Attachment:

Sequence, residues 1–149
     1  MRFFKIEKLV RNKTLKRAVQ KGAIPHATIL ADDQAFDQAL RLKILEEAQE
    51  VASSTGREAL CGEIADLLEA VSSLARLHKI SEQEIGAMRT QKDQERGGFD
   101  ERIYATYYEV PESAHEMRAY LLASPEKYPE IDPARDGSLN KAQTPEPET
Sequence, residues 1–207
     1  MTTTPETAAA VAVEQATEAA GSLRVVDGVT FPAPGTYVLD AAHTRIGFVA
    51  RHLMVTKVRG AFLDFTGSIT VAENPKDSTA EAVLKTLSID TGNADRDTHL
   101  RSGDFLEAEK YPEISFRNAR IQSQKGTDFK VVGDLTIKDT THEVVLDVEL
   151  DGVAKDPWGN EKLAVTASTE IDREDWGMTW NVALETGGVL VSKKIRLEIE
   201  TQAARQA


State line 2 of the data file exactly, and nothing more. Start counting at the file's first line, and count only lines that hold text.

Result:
     1  MRFFKIEKLV RNKTLKRAVQ KGAIPHATIL ADDQAFDQAL RLKILEEAQE